At Dog Harmony, I work with clients who are buying and raising a dog for the first time. Puppy training is a wonderful and worthwhile activity, but it can be difficult depending on the puppy’s history. If your puppy comes from a puppy farm, not only is this unethical and unfair, it can cause the owners and trainers a great deal of problems.

Puppy farms are commercial dog-breeding enterprises, which focus on breeding the largest number of dogs possible, for the sake of earning the maximum amount of profit.

The puppy farm is the canine equivalent of a battery farm for hens.

The Problem With Puppy Farms…

The dogs at puppy farms are not well cared for, their accommodations are poor, and very basic. More than this, however, a great many puppy farms are operating illegally. In Britain, all commercial dog breeders are required to be registered with their local authority, and undergo regular inspections, to ensure the health and welfare of their dogs and the puppies they are breeding. Many puppy farms are unable to pass these inspections, and so are not registered. This means they are functioning without regulation, and can circumvent many of the necessary steps needed to safely breed puppies.

The responsible dog breeder focuses their attention on breeding a small number of exceptionally happy, healthy puppies, from their prized and treasured dams and sires. Their dogs are loved, and well cared for, a part of the family rather than a cash cow. This ultimately means the dogs will be adopted, puppy trained, and live long and happy lives with their new owners.

The dams and sires of breeding farms produce litter after litter, with dams producing two or more litters every year. There is often a high rate of inbreeding, as well as the pairing of dogs who should not – for health reasons – be allowed to breed. As a result, puppies from puppy farms are far more likely to suffer from health conditions, either as a result of inherited traits, or illness, disease and injury resulting from their poor living conditions and lack of veterinary care.

The problem is that not all puppy farms are easily identifiable.

People buy puppies with their hearts, not their heads. It’s so easy to fall in love with an adorable pup and take him home, without ever questioning how he was bred.
The sad truth is that I seldom see a happy outcome, with puppy training or otherwise, from a puppy bought at a farm. Many dogs from puppy farms develop extensive and extremely costly medical conditions that owners are simply unable to pay for. The dogs ends up in a rescue centre, or worse still, put to sleep, because the owners are unable to cover the medical bills. These cases are not only devastating for the dog, but the owners, who are forced to give up their beloved pet.

The last thing you want is to fall head over heels in love with a new pup, only to be forced to give her up, put her to sleep, or lose her to illness.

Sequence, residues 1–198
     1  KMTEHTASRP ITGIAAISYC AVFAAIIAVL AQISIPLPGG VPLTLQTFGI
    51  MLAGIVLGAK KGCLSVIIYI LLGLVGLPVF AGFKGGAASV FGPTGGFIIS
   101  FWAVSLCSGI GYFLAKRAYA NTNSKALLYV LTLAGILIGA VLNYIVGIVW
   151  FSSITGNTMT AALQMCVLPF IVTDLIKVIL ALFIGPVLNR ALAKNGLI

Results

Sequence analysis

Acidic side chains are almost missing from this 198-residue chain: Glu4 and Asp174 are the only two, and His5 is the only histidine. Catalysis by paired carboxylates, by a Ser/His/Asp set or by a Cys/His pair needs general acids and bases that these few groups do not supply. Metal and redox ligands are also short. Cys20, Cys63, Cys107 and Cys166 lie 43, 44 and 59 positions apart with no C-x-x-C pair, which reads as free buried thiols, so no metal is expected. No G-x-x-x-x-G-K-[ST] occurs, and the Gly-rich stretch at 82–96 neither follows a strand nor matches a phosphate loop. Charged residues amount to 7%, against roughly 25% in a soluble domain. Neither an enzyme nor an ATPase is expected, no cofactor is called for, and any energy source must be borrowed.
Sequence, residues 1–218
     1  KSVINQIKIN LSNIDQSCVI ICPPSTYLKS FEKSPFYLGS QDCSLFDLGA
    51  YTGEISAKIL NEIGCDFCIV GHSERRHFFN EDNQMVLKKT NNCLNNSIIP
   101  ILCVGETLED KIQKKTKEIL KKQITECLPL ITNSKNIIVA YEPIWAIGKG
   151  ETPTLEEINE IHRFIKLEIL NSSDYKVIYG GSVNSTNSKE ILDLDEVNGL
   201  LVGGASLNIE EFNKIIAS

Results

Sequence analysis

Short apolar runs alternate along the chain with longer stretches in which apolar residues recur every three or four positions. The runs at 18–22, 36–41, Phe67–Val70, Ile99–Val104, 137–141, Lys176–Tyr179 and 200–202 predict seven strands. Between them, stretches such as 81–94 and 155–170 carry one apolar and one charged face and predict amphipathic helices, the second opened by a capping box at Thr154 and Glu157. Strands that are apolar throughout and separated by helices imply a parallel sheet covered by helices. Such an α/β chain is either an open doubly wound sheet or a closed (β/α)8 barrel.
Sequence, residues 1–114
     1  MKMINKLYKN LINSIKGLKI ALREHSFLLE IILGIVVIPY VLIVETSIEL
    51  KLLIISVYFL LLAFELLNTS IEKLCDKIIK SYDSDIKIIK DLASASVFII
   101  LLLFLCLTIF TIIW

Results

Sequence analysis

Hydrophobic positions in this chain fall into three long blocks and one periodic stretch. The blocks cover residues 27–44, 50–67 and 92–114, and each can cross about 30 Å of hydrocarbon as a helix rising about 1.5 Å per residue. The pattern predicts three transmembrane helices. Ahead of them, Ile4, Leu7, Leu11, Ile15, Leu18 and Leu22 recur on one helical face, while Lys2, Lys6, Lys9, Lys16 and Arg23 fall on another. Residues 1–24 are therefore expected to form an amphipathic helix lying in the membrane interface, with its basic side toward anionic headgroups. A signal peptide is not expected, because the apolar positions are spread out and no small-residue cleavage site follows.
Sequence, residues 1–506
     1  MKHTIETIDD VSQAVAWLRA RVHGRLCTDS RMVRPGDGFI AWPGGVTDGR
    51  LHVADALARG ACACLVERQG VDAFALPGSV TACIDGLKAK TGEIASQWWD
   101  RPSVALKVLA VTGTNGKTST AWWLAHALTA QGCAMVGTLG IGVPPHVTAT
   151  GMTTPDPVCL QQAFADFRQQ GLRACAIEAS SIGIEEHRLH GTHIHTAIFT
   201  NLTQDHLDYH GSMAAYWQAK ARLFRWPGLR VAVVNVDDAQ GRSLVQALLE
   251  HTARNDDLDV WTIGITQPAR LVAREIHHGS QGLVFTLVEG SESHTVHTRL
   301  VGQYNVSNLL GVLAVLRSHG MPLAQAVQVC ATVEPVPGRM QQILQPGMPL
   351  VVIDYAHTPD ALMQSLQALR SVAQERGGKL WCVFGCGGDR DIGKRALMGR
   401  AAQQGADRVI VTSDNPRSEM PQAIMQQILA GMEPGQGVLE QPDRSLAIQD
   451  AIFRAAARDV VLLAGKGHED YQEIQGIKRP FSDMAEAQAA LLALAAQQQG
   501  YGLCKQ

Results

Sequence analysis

How To Tell If You Are Getting Your Dog From A Puppy Farm

1. Check if the breeder is offering pedigree puppies for sale without formal breeding paperwork, or certification. This is usually a good indication you are dealing with a puppy farm. However, some farmed puppies are registered with the Kennel Club: the provision of Kennel Club registration is not an indication the breeder is legitimate.

2. A breeder offering multiple breeds and types of puppies for sale at once is not a good sign.

3. Take note of the age of the dam (the mother). Very young dams are another sign you may be at a puppy farm. If the puppies are shown to you without the mother, or individually rather than as part of a litter, question why?

4. Have a look at the premises when you go to see the puppies. Check for the presence of a lot of outbuildings, sheds, caravans, and other temporary structures, or cordoned off areas that appear to be very busy.

5. Ask questions about all the puppies you see, and specifics about their breeds. Responsible breeders know a great deal about their breeds and are very familiar with their puppies. Superficial knowledge and a lack of connection between the breeder and the puppies is a very bad sign.

6. Expect the breeder to question you. Responsible breeders want to know their puppies are going to good homes. They won’t sell a pup to just anyone. They will want to know you understand the responsibility you are taking on, and will be raising and puppy training the puppy in a safe environment.

7. Be very wary of puppies that are shown to you in a cage or crate.

8. Pay close attention to the relationship between the dam and the breeder. If the mother doesn’t appear to recognise their name, and has no bond with the breeder, be wary. Sadly a lot of the sires and dams on puppy farms are never given names, and while the breeder may refer to them by a name, this is to create the illusion they are loved and cared for.